Brown takes me into the flowering room, a lush, luminescent jungle where huge Mesozoic-style marijuana plants sway gently to the beats of Warren G and Nate Dogg. The foodies tend to gravitate towards fruitier strains like Tangerine Flo and Grape Ape, he tells, guiding me, Dr Livingstone-style, through his forest.

Brown left a successful career in property for this, and it seems he made a shrewd investment. Despite footing electricity bills of more than $20,000 a month for the hydroponic illuminates and industrial fans, business is buzzing. Were seeing 200 to 300 customers a day and it really is every walk of life. People simply pour out of the cannabis closet when they come to Colorado.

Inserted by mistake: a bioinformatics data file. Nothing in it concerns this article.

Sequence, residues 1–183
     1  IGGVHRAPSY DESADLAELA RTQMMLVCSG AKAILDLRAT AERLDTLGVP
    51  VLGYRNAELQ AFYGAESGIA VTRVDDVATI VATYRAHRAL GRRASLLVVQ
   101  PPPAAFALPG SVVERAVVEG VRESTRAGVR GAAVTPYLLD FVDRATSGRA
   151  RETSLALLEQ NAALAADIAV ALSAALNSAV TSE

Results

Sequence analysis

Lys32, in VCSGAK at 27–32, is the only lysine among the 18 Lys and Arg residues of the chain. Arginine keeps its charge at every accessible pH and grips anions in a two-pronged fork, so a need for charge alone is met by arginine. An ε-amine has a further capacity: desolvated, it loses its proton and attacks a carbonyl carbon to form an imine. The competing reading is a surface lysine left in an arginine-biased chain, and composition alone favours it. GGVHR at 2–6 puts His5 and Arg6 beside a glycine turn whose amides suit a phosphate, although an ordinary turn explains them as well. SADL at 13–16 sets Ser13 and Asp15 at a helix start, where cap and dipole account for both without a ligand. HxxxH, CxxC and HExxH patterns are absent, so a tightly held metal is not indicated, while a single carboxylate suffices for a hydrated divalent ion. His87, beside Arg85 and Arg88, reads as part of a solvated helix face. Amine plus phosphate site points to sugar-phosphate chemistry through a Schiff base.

Several of his customers are entrepreneurs, such as Philip Wolf, who set up Cultivating Spirits, offering private food and wine cannabis pairing evenings. Wolf, a very chilled 30 -year-old Texan with a long, blond ponytail, describes his upscale soirees, which include a chauffeur-driven limo to and from his private eatery for five-course dinners, as curated cannabis experiences.

Jessica Catalano prepares a three-course cannabis-infused snack at her home

Cannabis should be treated like fine wine, Wolf tells. It harmonises so well with certain foods. Our pairing evenings aim to set cannabis intake on a platform that middle America can understand. This is about education as much as enjoyment.